Want to find more information about Dinner's Done Personal Chef Service?
Call: 215-804-6438
Email: DinnersDonePA@comcast.net
Visit: www.DinnersDonePA.com
Sign up for my monthly e-newsletter: Click Here


Friday, December 30, 2011

New Year's Food Traditions

I wrote the following for my January 2011 newsletter, but thought it was appropriate for today.

Like most holidays, New Year's Eve/Day has a number of traditions associated with it.  And like many traditions, food has a starring role.  Interestingly, cultures around the world see many of the same foods as lucky while heading into the New Year.  Here are just a few.

Grapes:  In 1909, grape growers in Spain started a tradition in order to get rid of a surplus of grapes.  At the stroke of midnight on Dec. 31, it's customary to eat 12 grapes--one for each stroke of the clock and month of the year.  If your 5th grape is a little sour, for example, then maybe your month of May won't be so great.  The custom spread to Portugal and to Spanish and Portuguese colonies and continues today.  It's said to be especially lucky if you can eat all 12 grapes before the clock is done chiming.

Legumes:  Beans, peas and lentils are considered lucky at the New Year all over the world because of their resemblance to coins.  In Italy, Germany, Brazil, Japan and many other countries, eating things such as Lentil or Split Pea Soup or Sausage and Green Lentils at midnight brings good luck.  In Southern US, Hoppin' John, a dish made with black-eyed peas, is eaten.  Most believe that eating 1 pea for each day of the year brings the most luck.

Fish:  Since the Middle Ages, cod has been a traditional New Year's dish--probably because it was easily salted and preserved for eating during the winter.  The Danes eat boiled cod; Italians, baccala (dried salt cod); Poles and Germans eat herring and carp at midnight.  The typical Swedish New Year's feast is a smorgasbord of fish dishes.  In Japan, lucky fish dishes include herring roe (for fertility), shrimp (for long life) and dried sardines (for a good harvest--dried sardines were once used as fertilizer in rice fields).

Pork:  The meat most associated with New Year luck is pork.  Cultures around the world see the pig as representing progress--since the animal moves forward as it roots for food.  The rich, fatty meat also is symbolic of wealth and prosperity in some cultures.  Cuba, Spain, Portugal, Hungary, Austria, Sweden, Germany and Italy all have traditions of eating some sort of pork for the New Year.  Of course, we of Pennsylvania Dutch persuasion know all about eating pork and sauerkraut for luck on New Year's Day.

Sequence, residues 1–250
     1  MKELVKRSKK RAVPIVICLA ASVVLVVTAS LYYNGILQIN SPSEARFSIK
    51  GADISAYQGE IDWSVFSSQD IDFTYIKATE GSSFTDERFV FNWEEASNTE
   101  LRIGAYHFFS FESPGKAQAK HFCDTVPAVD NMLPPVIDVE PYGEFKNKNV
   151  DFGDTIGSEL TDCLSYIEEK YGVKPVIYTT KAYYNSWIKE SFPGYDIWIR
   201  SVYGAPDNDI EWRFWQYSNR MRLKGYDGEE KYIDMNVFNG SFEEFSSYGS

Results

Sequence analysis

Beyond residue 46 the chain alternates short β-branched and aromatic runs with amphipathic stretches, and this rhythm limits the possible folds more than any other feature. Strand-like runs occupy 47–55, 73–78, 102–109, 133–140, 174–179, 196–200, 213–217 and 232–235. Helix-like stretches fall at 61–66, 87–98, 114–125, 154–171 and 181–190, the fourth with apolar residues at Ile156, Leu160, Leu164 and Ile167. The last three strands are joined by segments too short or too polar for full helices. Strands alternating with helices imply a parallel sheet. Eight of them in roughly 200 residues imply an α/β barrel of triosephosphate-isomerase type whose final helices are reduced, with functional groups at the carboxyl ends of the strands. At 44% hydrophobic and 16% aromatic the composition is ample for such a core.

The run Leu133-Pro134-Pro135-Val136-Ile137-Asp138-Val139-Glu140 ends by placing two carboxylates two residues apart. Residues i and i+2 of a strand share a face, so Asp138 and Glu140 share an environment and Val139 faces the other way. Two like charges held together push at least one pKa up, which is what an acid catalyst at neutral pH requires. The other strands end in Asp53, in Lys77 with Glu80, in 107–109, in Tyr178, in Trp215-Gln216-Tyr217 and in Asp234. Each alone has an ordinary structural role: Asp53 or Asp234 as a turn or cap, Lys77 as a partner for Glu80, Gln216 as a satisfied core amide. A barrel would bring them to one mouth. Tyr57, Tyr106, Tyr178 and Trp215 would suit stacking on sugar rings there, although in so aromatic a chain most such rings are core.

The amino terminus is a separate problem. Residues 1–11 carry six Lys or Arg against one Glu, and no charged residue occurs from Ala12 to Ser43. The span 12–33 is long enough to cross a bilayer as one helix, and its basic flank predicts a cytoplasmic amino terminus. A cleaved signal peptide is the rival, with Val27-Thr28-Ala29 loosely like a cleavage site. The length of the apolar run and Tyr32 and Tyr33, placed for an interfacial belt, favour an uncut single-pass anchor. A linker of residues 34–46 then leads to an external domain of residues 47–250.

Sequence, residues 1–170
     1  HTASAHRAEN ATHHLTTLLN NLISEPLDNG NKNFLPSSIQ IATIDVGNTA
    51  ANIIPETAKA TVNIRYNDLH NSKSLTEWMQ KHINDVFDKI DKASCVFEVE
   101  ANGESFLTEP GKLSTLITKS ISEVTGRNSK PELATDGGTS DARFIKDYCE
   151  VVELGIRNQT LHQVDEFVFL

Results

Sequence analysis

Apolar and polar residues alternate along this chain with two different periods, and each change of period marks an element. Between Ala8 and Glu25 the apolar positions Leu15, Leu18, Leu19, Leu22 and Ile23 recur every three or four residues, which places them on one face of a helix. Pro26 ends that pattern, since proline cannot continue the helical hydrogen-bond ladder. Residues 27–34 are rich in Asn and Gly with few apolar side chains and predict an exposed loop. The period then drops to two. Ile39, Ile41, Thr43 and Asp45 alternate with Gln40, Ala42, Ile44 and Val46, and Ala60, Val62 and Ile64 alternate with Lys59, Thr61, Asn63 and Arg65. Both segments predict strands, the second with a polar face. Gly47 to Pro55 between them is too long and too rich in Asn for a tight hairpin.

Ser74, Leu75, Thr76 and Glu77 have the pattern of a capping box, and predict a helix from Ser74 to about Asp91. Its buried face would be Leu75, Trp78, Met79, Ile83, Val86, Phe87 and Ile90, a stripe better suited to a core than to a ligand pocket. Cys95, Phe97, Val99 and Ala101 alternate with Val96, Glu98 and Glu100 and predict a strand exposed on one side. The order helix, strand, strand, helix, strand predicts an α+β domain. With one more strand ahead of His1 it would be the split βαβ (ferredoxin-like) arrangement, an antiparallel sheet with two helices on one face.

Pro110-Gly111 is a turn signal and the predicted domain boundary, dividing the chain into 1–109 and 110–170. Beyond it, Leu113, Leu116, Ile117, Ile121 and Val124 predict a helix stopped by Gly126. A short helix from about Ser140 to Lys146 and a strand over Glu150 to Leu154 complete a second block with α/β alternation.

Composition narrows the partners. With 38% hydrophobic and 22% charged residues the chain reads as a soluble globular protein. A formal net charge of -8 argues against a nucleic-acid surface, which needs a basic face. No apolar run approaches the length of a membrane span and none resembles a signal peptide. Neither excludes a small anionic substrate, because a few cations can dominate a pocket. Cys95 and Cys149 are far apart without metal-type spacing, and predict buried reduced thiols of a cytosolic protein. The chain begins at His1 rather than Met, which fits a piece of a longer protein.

Greens:  Greens are considered a sign of financial fortune in the New Year--simply because the leaves look like paper money when folded up.  Again, many cultures eat greens for luck--kale with sugar and cinnamon for the Danes; collards in the Southern US; sauerkraut for the Germans (and PA Dutch).  Many believe that the more greens you eat, the bigger your fortune will be in the coming year.

Cakes/Baked Goods:  Like most celebrations, baked goods are a part of the New Year's festivities all over the globe.  Donuts, pastries, special breads and cakes--too many to mention--hold special meaning for the coming year.  Many traditions hide trinkets, coins or whole nuts in a part of the treat.  Whoever gets the piece with the prize in it gets the most luck.

Of course, there are some foods that you shouldn't eat at New Year's.  Stay away from lobster, which swim backward and chicken, which move backward as they scratch for food.  (Sort of the "anti-pigs" in New Year's superstition beliefs.)  In fact, avoid any winged fowl because your good luck could fly away.

Whatever foods you eat for your New Year celebration, I hope it's tasty!  Have a fun and safe holiday.  And I wish you a healthy, happy and delicious 2012.  Enjoy!

No comments:

Post a Comment